Is this webpage loaded with

Multipath TCP?

{{pageLoadWasMPTCP ? "YES" : "NO"}}*, {{smallerBigNotice}}

By clicking on the following button, you accept that we collect, store, and use your anonymized data and measurements for research purposes.

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Click here for details how to install the MPTCP Linux Kernel implementation.

This page is inspired by amiusingmptcp.com, but provides some additional features.

* NO, this page was loaded on port {{pageLoadPort}} without MPTCP support. You may or may not have MPTCP installed. Maybe it works on other ports. Just start the additional measurements and find out :-)

* YES, this page was loaded on port {{pageLoadPort}} with MPTCP support. You may or may not have MPTCP on other ports. Just start the additional measurements and find out :-)

Multipath TCP On Different Ports

Some middleboxes block Multipath TCP on certain ports. It's possible, for example, that a middlebox blocks MPTCP on port 80, but not on other ports. The table below shows some common TCP ports and if the connection between you and our server uses MPTCP on this port.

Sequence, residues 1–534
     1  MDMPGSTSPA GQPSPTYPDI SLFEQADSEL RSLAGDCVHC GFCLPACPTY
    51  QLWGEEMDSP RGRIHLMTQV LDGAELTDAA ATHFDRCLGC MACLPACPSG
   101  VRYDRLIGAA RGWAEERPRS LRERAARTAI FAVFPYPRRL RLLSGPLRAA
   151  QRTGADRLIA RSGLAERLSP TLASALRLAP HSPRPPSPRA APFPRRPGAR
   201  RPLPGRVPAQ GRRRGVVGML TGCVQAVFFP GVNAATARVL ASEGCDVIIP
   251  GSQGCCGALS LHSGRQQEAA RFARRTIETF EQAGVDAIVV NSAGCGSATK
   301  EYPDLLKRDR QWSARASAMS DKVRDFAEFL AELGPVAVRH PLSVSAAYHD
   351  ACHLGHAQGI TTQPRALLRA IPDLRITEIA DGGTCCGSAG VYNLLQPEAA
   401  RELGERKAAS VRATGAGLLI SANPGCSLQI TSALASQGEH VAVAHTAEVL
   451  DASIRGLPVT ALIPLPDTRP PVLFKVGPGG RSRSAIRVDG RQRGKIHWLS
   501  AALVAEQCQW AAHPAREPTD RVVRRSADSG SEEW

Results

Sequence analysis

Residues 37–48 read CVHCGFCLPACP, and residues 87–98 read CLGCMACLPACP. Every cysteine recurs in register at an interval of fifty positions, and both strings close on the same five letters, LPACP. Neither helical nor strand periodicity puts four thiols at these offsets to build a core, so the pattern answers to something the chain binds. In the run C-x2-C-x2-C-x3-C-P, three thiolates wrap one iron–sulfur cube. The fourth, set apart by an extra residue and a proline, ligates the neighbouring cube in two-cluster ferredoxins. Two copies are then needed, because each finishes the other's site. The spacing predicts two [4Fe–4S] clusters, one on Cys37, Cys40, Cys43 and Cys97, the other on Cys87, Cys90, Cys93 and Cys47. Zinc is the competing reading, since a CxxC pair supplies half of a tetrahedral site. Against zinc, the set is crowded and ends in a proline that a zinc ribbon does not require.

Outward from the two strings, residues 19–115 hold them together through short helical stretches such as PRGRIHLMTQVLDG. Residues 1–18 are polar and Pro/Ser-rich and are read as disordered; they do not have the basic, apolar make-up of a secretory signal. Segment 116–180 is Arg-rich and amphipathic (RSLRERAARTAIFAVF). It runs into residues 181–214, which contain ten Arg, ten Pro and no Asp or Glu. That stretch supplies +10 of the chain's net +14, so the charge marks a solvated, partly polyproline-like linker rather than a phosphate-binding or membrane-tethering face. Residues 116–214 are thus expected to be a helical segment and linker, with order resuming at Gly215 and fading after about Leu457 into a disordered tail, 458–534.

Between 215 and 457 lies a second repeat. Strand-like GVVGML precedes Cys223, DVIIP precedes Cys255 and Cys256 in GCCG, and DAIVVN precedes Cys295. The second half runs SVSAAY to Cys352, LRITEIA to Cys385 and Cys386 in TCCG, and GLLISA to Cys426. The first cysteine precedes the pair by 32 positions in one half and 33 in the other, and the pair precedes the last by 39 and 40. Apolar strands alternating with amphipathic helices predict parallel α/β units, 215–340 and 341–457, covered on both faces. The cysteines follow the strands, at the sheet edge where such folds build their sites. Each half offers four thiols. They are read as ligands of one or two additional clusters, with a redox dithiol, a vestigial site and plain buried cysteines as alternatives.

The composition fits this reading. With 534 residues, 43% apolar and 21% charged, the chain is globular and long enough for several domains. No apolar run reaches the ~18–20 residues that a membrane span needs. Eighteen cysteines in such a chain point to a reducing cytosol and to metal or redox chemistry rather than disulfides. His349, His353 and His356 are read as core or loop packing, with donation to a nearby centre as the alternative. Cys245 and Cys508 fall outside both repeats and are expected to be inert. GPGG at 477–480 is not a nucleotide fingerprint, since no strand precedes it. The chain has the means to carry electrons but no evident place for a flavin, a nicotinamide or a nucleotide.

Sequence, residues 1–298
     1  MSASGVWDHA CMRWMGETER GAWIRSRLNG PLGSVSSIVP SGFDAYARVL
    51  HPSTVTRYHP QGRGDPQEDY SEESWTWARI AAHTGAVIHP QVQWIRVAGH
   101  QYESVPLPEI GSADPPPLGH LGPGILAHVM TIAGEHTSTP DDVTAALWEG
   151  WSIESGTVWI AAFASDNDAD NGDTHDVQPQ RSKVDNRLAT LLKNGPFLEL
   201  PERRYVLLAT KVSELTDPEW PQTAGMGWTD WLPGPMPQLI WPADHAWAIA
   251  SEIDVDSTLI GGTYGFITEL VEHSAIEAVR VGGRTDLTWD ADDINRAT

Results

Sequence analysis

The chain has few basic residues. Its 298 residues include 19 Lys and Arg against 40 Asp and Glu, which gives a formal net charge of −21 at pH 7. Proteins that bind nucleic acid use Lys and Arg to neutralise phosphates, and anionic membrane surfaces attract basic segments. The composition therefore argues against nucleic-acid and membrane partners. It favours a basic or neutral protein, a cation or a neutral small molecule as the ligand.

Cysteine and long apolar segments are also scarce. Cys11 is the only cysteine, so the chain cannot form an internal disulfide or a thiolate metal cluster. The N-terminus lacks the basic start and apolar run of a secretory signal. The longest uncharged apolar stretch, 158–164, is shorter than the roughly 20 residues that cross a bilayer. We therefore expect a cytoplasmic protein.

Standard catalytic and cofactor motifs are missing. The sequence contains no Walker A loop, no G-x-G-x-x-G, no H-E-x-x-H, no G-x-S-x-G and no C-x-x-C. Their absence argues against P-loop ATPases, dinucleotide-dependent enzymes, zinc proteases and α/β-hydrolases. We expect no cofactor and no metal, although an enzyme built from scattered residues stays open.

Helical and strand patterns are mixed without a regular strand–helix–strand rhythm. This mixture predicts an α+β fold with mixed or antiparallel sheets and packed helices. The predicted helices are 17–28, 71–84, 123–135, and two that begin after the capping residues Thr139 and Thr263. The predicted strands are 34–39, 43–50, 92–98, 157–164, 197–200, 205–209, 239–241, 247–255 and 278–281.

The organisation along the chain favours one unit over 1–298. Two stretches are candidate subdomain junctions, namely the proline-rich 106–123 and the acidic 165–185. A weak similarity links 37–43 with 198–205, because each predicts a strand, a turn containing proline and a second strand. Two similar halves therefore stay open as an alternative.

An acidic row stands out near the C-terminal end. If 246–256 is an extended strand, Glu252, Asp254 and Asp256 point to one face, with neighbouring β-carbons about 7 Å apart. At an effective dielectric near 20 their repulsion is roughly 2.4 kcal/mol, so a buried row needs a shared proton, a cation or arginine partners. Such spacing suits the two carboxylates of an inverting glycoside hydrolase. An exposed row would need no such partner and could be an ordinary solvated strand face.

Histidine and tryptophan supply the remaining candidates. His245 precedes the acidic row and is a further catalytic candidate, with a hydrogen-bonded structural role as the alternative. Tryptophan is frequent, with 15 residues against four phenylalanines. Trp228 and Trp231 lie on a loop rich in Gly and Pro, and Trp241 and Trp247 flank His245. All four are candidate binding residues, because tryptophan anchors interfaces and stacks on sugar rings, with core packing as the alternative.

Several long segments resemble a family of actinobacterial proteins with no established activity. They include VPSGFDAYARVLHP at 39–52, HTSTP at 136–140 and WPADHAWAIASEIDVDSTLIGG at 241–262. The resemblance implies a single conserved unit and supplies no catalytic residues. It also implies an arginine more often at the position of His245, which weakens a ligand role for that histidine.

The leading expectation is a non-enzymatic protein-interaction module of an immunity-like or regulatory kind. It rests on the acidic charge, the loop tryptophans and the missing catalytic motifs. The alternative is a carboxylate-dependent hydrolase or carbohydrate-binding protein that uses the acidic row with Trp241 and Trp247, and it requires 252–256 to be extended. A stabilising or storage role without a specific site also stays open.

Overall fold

As Multipath TCP creates multiple subflows, you might be curious about the number of subflows you currently use to communicate with our webpage. We recurringly measure and show the number of sublfows for MPTCP connections.

Speed Test

If you want to see how Multipath TCP boosts your bandwidth, just start a speed test.

Select Port:

Select Scheduler:


Throughput (Last)Throughput (Avg)
Overall{{currentDown}}{{avgDown}}
#{{subflow.id}} {{subflow.currentDown}} {{subflow.avgDown}}

This speedtest is still experimental. Sampling the subflows throughput at the server side might introduce small artefacts. Please inform us if you experience problems.

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